This reflection on the 2015 One Night Count was originally published on the Compass Housing Alliance website. Tyler Roush is the communications manager for Compass Housing Alliance and was also an action team member on the One Night Count in the Southwest King County Headquarters.
They were counted huddled in a doorway or in a tent beneath a freeway overpass. Sleeping in a car parked in the lot of a sprawling retail store or riding a bicycle, their possessions slung to one side. In the early morning hours of Friday, Jan. 23, volunteers with the One Night Count filtered through areas of Seattle and King County where homeless people are known to sleep. What they found would break hearts.
In just three hours, volunteers organized by the Seattle/King County Coalition on Homelessness counted 3,772 people living without shelter in King County, a shocking 21 percent increase from last year’s total. (Due to the nature of the count, results are always assumed to be underreported.) The number is stark evidence of the need for more services for those who are homeless.
The survey area did expand this year to both previously included and new areas in the Southwest King County region. The Coalition organized the expansion in partnership with the King County Housing Authority (KCHA), which hosted volunteers at its headquarters in Tukwila. About 35 volunteers, many of them KCHA employees, began to gather shortly before 2 a.m. to meet up with their team leads, collect maps of their survey area and discuss ground rules. In the three short hours ahead, they would be tasked with counting the people living without shelter in their area.
Mark Abernathy and Chris Clevenger, both KCHA employees, were participating for the first time. Their survey area took them along a heavily trafficked stretch of highway, where people are known to sleep in their cars.
“It was interesting where we found people,” Mark said. “You see a car and you don’t necessarily think someone is living in it.”
They soon learned the telltale signs—fogged windows or a reclined seat are indicators that someone might be living in their vehicle.
“You’re never going to look at parked cars the same way again,” said their team leader, KCHA’s Kristy Johnson.
Their experience highlighted a fundamental duality in the process of the One Night Count. Each time they counted a person they felt a wave of adrenaline in accomplishing their mission. But that success was overwhelmed by a feeling of profound sadness for another person failed by our social system.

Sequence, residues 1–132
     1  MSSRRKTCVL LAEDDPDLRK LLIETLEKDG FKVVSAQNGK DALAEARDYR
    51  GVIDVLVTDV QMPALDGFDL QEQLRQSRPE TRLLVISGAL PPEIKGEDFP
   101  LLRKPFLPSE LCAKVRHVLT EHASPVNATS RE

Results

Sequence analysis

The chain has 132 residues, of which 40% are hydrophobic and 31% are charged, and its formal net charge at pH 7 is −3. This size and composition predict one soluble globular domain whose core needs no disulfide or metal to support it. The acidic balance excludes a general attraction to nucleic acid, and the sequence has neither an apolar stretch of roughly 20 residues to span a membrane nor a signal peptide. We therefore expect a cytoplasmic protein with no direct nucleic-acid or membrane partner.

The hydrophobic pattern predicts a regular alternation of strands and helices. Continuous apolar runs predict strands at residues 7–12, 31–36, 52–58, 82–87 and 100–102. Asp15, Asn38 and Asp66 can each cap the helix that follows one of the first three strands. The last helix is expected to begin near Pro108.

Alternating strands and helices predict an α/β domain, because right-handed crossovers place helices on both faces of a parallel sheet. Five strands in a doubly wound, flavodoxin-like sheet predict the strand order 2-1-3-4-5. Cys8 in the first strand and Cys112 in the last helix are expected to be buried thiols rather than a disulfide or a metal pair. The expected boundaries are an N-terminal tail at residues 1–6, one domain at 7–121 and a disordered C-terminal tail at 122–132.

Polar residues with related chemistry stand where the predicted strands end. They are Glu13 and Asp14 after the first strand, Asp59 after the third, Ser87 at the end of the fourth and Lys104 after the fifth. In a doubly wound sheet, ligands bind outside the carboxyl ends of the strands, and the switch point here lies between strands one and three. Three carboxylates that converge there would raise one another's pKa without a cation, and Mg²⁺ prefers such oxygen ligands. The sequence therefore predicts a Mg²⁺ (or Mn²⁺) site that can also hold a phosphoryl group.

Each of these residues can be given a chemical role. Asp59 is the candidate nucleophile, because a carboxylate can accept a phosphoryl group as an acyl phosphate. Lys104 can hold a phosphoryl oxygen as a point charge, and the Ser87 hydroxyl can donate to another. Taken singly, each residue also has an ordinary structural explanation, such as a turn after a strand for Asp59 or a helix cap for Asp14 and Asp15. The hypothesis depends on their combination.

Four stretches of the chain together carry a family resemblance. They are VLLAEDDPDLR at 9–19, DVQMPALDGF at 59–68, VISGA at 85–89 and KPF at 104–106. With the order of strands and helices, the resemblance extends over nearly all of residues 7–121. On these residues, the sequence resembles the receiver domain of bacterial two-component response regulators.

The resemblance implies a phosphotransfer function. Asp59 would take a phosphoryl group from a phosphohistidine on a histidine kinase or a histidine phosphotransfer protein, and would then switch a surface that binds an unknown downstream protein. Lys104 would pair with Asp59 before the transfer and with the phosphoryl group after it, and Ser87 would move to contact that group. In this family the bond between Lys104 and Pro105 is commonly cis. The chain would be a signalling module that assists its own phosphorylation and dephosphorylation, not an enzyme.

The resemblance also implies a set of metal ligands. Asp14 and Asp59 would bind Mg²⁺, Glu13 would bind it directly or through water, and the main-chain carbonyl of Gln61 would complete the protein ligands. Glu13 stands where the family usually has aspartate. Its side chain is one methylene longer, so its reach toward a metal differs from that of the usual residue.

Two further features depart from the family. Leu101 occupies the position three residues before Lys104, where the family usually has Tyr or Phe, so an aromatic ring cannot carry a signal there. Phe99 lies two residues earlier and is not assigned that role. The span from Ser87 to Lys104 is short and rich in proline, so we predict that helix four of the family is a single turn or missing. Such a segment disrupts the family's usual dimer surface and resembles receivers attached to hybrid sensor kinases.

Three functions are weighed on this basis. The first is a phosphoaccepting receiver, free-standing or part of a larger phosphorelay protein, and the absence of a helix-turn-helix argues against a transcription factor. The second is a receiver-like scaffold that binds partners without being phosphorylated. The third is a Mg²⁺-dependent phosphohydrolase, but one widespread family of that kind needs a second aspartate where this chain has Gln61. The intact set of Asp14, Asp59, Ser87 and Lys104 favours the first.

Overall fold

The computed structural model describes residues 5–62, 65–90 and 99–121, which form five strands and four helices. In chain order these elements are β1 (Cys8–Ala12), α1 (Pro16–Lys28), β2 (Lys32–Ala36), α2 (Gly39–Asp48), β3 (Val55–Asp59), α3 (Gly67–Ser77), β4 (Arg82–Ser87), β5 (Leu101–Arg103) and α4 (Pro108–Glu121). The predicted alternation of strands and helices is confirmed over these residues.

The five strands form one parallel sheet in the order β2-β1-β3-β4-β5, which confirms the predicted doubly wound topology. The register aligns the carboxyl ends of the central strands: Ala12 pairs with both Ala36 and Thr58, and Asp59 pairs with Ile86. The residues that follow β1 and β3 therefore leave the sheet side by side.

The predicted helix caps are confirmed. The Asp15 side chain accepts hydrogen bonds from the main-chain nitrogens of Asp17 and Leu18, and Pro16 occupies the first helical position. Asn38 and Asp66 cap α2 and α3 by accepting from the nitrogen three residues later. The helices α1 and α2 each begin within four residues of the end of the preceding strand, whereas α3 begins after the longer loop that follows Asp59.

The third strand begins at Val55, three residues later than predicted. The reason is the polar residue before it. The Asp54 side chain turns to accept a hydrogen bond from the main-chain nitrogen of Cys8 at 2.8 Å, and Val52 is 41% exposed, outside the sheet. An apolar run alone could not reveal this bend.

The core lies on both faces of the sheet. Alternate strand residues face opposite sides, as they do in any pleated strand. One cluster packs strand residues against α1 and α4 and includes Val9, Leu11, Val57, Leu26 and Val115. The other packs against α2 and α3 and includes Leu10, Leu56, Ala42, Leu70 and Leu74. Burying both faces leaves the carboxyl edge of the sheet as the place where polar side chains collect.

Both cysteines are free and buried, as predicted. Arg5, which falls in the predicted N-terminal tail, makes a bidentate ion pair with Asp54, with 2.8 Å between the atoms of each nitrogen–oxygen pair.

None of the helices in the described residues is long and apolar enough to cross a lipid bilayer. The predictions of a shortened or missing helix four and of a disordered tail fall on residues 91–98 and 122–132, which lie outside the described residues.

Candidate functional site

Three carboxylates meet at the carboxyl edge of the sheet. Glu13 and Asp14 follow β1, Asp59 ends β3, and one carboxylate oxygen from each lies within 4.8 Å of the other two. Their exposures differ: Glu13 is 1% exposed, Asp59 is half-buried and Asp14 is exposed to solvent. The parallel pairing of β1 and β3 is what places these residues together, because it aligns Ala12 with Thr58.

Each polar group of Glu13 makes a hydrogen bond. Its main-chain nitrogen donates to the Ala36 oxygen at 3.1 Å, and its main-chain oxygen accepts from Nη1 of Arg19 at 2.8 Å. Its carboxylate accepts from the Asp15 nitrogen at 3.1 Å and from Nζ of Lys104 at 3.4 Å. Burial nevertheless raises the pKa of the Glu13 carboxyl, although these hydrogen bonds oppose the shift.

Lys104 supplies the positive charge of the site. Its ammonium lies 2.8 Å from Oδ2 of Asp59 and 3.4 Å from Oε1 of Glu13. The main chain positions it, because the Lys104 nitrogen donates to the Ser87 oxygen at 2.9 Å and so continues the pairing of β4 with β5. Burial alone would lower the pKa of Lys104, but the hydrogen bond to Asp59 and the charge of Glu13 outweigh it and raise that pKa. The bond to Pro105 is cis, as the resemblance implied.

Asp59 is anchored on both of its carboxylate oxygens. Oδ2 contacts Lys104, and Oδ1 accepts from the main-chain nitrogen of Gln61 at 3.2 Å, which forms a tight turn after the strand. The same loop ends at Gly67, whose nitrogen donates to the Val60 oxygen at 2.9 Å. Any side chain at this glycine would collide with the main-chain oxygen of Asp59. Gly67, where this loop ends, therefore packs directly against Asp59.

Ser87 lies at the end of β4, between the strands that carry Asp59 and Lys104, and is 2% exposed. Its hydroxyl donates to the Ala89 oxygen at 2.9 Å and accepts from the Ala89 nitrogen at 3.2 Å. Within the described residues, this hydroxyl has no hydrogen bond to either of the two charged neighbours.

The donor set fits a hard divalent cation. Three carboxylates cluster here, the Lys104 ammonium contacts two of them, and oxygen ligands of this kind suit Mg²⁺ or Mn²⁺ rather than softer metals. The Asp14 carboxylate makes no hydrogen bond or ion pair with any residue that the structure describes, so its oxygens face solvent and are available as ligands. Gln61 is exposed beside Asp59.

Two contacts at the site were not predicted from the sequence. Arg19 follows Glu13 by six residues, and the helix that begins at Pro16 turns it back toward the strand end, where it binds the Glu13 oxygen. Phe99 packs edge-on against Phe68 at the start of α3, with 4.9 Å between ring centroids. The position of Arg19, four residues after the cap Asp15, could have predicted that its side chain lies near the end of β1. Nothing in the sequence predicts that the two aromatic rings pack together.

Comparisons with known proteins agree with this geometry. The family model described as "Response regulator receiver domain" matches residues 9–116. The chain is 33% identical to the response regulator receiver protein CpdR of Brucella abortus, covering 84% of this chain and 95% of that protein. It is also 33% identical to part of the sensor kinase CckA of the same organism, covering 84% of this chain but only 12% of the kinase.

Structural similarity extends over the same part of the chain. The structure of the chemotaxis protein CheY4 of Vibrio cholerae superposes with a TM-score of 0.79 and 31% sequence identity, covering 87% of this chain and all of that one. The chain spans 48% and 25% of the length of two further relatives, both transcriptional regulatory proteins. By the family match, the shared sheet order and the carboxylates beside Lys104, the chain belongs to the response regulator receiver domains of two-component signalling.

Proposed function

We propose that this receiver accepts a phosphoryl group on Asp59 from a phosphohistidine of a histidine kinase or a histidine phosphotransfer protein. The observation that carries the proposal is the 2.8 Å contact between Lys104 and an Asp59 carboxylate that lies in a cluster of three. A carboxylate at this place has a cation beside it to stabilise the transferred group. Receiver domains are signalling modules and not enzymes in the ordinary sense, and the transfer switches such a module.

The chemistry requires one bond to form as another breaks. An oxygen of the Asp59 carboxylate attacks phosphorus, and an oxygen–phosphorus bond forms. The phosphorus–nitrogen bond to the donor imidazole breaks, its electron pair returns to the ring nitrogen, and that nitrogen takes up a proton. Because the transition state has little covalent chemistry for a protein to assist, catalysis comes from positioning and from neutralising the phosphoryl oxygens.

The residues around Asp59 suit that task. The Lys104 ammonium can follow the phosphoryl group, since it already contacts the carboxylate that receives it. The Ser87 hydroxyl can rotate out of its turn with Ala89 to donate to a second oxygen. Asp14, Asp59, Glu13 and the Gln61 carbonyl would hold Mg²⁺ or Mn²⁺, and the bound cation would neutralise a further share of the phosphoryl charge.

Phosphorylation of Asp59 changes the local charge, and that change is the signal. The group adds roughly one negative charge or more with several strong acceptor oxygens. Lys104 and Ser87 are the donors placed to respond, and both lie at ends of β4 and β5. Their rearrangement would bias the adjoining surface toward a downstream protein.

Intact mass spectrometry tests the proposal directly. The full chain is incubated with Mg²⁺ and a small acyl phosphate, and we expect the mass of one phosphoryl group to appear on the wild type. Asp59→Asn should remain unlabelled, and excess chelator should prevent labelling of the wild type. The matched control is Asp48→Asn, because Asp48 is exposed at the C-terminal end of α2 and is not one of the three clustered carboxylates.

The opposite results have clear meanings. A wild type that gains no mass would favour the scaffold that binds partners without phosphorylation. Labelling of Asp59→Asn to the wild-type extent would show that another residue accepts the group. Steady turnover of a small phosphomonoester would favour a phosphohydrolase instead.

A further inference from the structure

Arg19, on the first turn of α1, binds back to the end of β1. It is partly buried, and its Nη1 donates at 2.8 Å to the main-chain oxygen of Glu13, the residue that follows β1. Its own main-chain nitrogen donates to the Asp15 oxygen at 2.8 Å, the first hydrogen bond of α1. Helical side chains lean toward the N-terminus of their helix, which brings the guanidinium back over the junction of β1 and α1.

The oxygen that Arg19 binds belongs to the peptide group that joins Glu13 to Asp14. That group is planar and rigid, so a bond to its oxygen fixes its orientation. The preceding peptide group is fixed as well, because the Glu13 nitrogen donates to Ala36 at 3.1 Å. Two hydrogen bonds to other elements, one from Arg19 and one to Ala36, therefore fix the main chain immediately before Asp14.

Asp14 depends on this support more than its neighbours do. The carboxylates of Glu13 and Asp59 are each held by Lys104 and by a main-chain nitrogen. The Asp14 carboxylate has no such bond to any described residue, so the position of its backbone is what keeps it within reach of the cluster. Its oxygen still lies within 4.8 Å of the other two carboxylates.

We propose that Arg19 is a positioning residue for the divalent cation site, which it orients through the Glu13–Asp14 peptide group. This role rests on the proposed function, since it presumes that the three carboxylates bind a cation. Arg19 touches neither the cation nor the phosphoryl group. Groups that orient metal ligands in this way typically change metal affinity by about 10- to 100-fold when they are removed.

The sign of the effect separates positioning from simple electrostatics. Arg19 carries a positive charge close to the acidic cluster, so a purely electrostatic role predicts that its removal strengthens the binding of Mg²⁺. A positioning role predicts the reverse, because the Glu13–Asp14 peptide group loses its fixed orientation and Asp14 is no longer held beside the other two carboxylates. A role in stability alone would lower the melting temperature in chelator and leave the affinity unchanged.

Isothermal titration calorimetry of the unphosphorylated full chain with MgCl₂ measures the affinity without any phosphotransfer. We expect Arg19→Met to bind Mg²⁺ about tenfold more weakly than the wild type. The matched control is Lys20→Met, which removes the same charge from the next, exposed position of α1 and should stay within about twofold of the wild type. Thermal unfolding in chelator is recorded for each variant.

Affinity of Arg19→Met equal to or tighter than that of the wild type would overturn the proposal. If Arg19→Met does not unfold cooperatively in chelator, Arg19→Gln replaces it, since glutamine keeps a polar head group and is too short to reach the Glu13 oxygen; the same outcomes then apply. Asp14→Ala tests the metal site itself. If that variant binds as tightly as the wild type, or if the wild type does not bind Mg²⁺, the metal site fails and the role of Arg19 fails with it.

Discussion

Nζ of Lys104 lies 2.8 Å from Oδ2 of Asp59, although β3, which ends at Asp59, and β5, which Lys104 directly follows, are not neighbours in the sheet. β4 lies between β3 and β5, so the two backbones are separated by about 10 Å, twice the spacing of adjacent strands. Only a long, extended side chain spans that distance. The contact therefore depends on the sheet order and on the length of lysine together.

“It changes the way I look at where I live,” Chris said. “It makes me want to look for the signs everywhere I go.”
Wherever they visited, they said they never felt unsafe to be there.
“If it wasn’t safe, we figured they wouldn’t be there either,” Mark said.
In one instance, Chris described walking along a fence line in a park when he came upon a lean-to, carefully assembled with tree branches.
“It was clear that someone had slept there, but that it had been a while,” Chris said. “Seasonally it makes sense — tree branches don’t keep out the rain.
“So it made me wonder where they went … and if they’d be coming back.”
“Vulnerable, that’s how it feels to me”
As it did elsewhere, the One Night Count in Southwest King County brought people together from across the region. Laurie Gruel traveled farther than most to participate, coming from the Tri-Cities with her husband.
Laurie’s survey area took her team through a park, where they saw two men talking near a tent. One of the men spoke to them, and they asked if the two were sleeping in the park. He confirmed that they were.
“Right off, many in the general public think homeless people are criminals, or up to no good,” Laurie said. “If people could see this part of the count, they wouldn’t be so fearful.”
She added that the nighttime endeavor helps put homelessness into an appropriate context.
“When you see someone sleeping under a tarp in the rain, and you’re worried about getting your feet wet, that puts things in perspective,” Laurie said.